In the world today, there are many companies getting involved in international business, and developing to become a multinational company. Why do these firms want to take the multinational route? One of the dominant frameworks to explain the existence of these multinational companies is the Ownership-Location-Internalisation (OLI) paradigm (Dunning & Lundan 2008).
Running an international business is different from running a domestic business. International business requires you to recognise and understand the cultural differences between countries. Failing to recognise and understand this difference could possibly lead to many difficulties, or worse still, failure. In this essay, I will be discussing the difficulties that Best Buy Co. Inc. faced, and its eventual failure due to the lack of understanding of the cultural differences in its host country, China.
The rise of China has matured into hope for the entire consumer electronics industry. The country’s 1.3 billion consumers and their fast increasing buying power have transformed China into the world’s largest consumer electronics market, a market opportunity that multinational giants cannot afford to neglect (Chen & He 2005). As such, Best Buy was just one of the many multinational companies that tried to enter the Chinese market.
Best Buy Co. Inc.
Best Buy is a multinational retailer of consumer electronics from the United States and operates in the United Kingdom, Canada, Turkey, Mexico, China as well as its home country. Started as the Sound of Music in 1966 as an audio specialty store by Richard M. Schulze, it was later changed to Best Buy Co., Inc. by the board of directors in 1983 and is now the leading consumer electronics retailer in the United States (Pederson 2004). Best Buy sells consumer electronics as well as a wide selection of related merchandise such as music, mobile phones, computers, computer software, DVDs, Blu-ray discs, video games, digital cameras, video cameras as well as home appliances.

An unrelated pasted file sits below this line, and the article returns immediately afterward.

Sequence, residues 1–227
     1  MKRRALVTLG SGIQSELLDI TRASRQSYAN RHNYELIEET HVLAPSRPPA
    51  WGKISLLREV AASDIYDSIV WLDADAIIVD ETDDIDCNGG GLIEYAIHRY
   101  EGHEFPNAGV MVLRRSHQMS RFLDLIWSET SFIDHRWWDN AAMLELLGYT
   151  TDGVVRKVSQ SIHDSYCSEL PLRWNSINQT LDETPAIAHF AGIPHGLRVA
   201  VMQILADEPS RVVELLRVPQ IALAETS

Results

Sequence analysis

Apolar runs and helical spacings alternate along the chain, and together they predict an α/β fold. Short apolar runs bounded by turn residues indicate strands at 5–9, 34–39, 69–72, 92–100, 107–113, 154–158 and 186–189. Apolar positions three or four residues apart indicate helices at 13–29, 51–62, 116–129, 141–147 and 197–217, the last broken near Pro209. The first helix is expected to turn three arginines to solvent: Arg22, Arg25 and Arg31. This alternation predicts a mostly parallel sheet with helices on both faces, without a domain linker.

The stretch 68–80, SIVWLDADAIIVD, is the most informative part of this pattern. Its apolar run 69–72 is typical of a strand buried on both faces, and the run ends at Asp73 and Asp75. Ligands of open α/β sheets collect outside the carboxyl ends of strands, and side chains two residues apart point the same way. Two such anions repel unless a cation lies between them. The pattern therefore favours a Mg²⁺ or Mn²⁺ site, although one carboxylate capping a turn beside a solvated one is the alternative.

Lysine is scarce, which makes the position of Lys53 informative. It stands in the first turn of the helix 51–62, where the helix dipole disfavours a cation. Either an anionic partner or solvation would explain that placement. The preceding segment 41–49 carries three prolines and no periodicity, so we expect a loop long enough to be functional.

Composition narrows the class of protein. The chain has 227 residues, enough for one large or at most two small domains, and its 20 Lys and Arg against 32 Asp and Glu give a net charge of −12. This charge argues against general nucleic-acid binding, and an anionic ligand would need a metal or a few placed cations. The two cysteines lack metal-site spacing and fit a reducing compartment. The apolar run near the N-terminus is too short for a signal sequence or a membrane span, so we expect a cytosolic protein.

The multinational used a two-track approach to enter the Chinese market. The consumer electronics giant first opened a sourcing office in Shanghai in 2005 and began its efforts to expand into the Chinese market in May 2006 by foreign acquisition. The multinational invested $108 million to obtain a majority stake in China’s fourth largest consumer electronics retailer, Jiangsu Five Star Appliance (Bloomberg 2006). Soon after in December 2006, the company used the greenfield mode of entry and opened its first “Best Buy” store that followed their own US business model, in Shanghai’s busy Xujiahui shopping district.
By imposing a US business model, Best Buy intended to convince fastidious Chinese customers with helpful and dependable service in clean, pleasant outlets. The chairman and general manager of Best Buy China, Lu Weiming declared that they were confident with the store model they had, which will differentiate them from competitors and consequently help them win the consumers’ heart (Kurtenbach 2006). The company later opened another eight stores, which increased the total number of “Best Buy” stores in China to nine.
According to the China Daily on March 21, 2011, Jiangsu Five Star Appliance continued to expand. However, Best Buy’s expansion was slow and was not running as smoothly as anticipated. “The multinational brought in a Western business model and it failed to sufficiently attract the Chinese clients and customers,” said Chen Can, a senior analyst from Analysys International (China Daily 2011).
Best Buy’s business model in the US, where the brand markets itself as delivering a better service than competitors, did not go well in China. After being in the Chinese market for five years, the company only managed to open nine stores, capturing less than one per cent of the Chinese market as according to analysts. Failing to catch on in the Asian country, the company decided in...
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